Jets' Schottenheimer was well-schooled at Florida

Published: Friday, January 15, 2010 at 9:00 p.m.
Last Modified: Friday, January 15, 2010 at 4:42 p.m.

FLORHAM PARK, N.J. — Brian Schottenheimer took a deep breath, gathered his thoughts, and let out a smile. You could tell this wasn't the normal press-conference question. You could tell that — after a week of tireless preparation for the San Diego Chargers in the biggest game of his coaching life, after a week of speculation about will he or won't he interview with the Buffalo Bills — Schottenheimer knew he could relax ... if only for 30 seconds.


Story Time With Spurrier

Leave it to former Florida coach Steve Spurrier to remember — like it was yesterday — the first half of a 1996 game against Southwestern Louisiana, a school that doesn't even go by that name anymore.

But Spurrier, the South Carolina coach, couldn't help himself when talking about Brian Schottenheimer, the former Gator backup quarterback who is now the offensive coordinator with the Jets. When asked about Schottenheimer's days in Gainesville, Opening Day of the 1996 national-championship season came to the Head Ball Coach's mind:

“You want to talk about Young Schotty? Yeah, we called him Young Schotty at Florida. He came in as a walk-on, and earned himself a scholarship.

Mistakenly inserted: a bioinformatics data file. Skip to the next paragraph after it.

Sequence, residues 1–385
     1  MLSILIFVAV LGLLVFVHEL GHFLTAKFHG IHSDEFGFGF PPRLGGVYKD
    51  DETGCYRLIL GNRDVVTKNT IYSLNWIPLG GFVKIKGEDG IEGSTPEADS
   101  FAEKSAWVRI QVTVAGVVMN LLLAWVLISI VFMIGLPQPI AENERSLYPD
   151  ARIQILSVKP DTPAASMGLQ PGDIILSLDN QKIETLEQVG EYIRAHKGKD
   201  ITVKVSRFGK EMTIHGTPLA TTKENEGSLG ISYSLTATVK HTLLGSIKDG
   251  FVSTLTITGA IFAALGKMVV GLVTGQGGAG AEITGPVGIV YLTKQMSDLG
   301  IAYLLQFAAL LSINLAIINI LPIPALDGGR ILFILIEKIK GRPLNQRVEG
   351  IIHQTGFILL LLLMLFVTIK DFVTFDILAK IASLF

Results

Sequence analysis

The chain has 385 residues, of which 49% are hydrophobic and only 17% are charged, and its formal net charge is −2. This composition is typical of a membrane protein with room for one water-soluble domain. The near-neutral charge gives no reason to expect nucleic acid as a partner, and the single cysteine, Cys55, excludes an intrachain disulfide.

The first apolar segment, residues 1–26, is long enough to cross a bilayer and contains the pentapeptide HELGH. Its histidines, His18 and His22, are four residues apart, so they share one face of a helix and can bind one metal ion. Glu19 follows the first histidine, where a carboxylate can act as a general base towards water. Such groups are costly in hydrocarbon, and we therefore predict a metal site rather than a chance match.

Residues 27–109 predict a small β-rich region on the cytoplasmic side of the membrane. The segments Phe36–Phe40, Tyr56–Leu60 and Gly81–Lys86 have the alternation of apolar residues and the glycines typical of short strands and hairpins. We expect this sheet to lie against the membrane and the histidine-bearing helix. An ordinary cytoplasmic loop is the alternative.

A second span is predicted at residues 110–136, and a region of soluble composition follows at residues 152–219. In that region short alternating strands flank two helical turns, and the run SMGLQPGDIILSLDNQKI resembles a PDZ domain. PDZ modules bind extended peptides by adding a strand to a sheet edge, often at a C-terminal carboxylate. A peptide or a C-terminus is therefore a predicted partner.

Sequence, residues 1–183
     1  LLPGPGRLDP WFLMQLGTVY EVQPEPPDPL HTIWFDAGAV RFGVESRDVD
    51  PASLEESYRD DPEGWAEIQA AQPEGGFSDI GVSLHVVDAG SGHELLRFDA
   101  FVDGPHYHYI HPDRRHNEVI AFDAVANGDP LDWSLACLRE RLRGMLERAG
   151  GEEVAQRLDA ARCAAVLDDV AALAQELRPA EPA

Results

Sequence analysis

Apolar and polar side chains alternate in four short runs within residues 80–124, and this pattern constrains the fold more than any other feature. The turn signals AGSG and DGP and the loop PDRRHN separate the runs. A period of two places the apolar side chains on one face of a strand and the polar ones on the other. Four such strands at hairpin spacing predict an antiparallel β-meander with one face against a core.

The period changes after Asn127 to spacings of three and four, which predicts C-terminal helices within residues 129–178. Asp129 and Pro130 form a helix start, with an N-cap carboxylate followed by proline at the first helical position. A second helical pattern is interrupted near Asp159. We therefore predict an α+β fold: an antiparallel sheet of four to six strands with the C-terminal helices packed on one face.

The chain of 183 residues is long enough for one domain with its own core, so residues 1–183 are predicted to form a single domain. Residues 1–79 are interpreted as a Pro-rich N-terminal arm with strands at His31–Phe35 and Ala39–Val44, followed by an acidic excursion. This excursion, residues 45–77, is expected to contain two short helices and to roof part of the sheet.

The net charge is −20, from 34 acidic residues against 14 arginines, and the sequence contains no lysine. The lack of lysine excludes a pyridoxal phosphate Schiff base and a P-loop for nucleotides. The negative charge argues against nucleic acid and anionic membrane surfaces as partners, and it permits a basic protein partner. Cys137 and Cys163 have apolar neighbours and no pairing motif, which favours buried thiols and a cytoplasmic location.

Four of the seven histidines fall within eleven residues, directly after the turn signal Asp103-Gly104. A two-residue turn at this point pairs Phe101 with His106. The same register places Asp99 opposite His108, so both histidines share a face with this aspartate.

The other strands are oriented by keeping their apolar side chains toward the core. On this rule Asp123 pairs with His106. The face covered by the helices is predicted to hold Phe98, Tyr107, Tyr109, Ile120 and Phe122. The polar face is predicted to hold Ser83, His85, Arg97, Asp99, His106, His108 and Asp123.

“What I always remember, and always tell people, was that in 1996, Danny Wuerffel won the Heisman Trophy for us. But who threw our first touchdown pass of the season? Young Schotty did.

“Anyhow, we had a lot of guys who came in with a lot of hype that season, and we opened the year in Gainesville against Southwestern Louisiana (It's now called the University of Louisiana at Lafayette).

“Turns out, we were playing like crap right off the bat. So I sat Danny, and a bunch of other guys. I told Brian to get in there, and get us going. Fortunately, I left Ike Hilliard in the game, and — wouldn't you know it — Brian hit Ike on a hitch for 35 yards and a touchdown. A few series later, I put the starters back in, and Danny back in, and away we went. But I always tell people, Young Schotty started us off.

“A Heisman Trophy season for Danny. A championship season for us. And it was Young Schotty who threw the first touchdown of the season for us. I'll never forget that.”

Neither will Schottenheimer.

— Tim Sullivan

Why? Because this question was easy. This question allowed him to drift back to less-hectic days in Gainesville, when Schottenheimer was a backup quarterback at the University of Florida:

“What did you learn from Steve Spurrier?”

“A lot,” said Schottenheimer, who as offensive coordinator of the New York Jets, has quickly become the “it” assistant coach in the NFL in just four seasons. “The thing from Steve was the flexibility an offense has to have. I thought he was just a great play-caller on game day.”

Schottenheimer, 36, isn't so bad himself in that regard. Just ask the Cincinnati Bengals. In a seven-day span, the former Gator orchestrated two different game plans that resulted in two different wins against the Bengals.

On Jan. 3, in the regular-season finale, he went with the power and precision of his running game, as the Jets whacked the Bengals, 37-0, to clinch a playoff berth. On Jan. 9, in the AFC wild-card round, he used his rookie quarterback, Mark Sanchez, and a short passing game to again handle the Bengals, 24-14.